The airline industry should build and own extra nuclear power in France, and this low carbon source of electricity can displace carbon fueled power in Denmark. Each airline can buy a share of the two new power plants being built there or one in Finland or elsewhere. They could also refurbish or buy one in Canada to substitute for coal power in the US. It would only take two years to refurbish the Canadian one. ..HG..

richard schumacher

Offsets may only pay for a carbon-free source that would have been built anyway. It would be more direct and effective for the industry to use artificial carbon-neutral kerosene. Whether they buy it or make it themselves would be up to them.

Stan Peterson

The trouble with being upright and offering to the politicians your aspirations for might be possible to accomplish in a certain timeframe has never found to be helpful.

Instead of establishing a Ceiling on possibilities, it instantly get converted to a floor, on which to demand more.

Business and technical People misunderstand politicians. Politicians need to out-promise everyone else, including other politicians, in their ONLY product, Speeches.

But their hot-air promises, must not sound outlandish, but reasoned, profound, and semi-believable. They must be noticed for their profundities.

Nothing is easier for a politician to meet his next goal, which is Next Weeks profound sounding Speech, than to take the verbiage of "whatever" and demand a 25% 50% or 100% improvement in "whatever". He doesn't even have to know or care "whatever" is, since the offerers have kindly provided his verbiage for him to quote, without having to know anything about, for something he could care less. He has his "reasoned" and "profound" and "knowledgeable" part ready made.

For the following week, his Next Speech product, can instantly be created. The great one will simply demand the timeframe be cut in half.

That is why the Global Warming, amended to Climate Change, so DOWN as well as UP, can be bad, is such a perfect subject for a politician.

Any promise will never be tested in reality for a couple of hundred years. Technical terms to establish knowledge, reason, profound, etc can be gleaned from any weather report. Terms like temperature, precipitation, drought, storm, rainy, flooding, sunny etc. So the politicians can never be proven to be utterly ignorant and approaching imbecilic IQ level.

Doomsday can be freely predicted even if the worst possible climate change will be no more than the change between 10:00 AM and 12:00 noon, on any day in the year, anywhere in the World.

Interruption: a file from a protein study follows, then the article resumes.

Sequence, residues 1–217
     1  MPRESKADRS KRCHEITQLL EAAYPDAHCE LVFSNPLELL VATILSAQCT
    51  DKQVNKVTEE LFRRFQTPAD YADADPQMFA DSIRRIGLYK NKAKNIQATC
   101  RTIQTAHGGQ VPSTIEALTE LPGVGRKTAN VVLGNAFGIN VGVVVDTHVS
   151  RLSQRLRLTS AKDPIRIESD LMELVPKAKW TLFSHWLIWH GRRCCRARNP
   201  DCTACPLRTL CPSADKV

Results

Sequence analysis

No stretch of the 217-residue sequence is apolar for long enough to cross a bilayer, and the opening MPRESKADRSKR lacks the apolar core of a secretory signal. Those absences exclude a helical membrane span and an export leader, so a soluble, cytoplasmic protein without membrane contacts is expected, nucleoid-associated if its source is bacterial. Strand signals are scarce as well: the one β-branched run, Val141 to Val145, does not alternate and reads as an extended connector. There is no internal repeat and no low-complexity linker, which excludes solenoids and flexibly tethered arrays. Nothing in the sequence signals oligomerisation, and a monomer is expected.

Will S

Seeing as the developed world is looking at 60-80% cuts in GHG emissions, a 50% drop doesn't show that they are pulling their weight. It's immaterial, though, as that industry will fold when Peak Oil sets in for the final oil crisis and spiraling prices through the world into a state of continuous recession.


Many, more efficient, Turbo-Jets (Q-400++) for short hauls and new much larger Jets for long hauls + more direct (uncontrolled) flights could give a 50% reduction in fuel and GHG (per passenger or cargo tonne/mile).

Improved aircraft and motorization technologies could do another 20% over the next 40 years.

Thomas Pedersen

Amazing as it is, the oil consumption of airplanes is not the defining factor on their economy. Example: Paris-New York, price: $500. Record-high oil prises; "sorry we have to add $10 to the price of the ticket" Who cares!

On a flight from Copenhagen to D.C. the plane took 55 tonnes of fuel on board (assuming plenty extra for contingencies) to transport 220 passengers and 22 tonnes of freight. So, roughly one lbs of fuel per lbs of payload. With luggage and accounting for fuel density, I was responsible for approx 110 litres of fuel consumption on that flight. That's not much.

But there are many avenues to save fuel. Still, aviation NEEDS liquid hydrocarbons like no other fossil fuel burning technology. Trains can run on electricity, ships on coal (if they have to), cars on batteries with range extenders etc. But planes absolutely need the high energy density with respect to both mass and volume that only jetfuel offers.

On a different topic, I applaude the IATA for voluntarily coming with this suggestion for reduction in GHG emissions. And they are wise to do so, although 50% by 2050 is a target none of the CEO's expect to see with their own eyes and can therefore safely commit to. The year-by-year reduction is a much better measure where progress can be monitored from day one. Access to emission trading is only fair when other sectors enjoy the same benefit.


If they used biomass to make the jet fuel, I would say that they could meet those goals.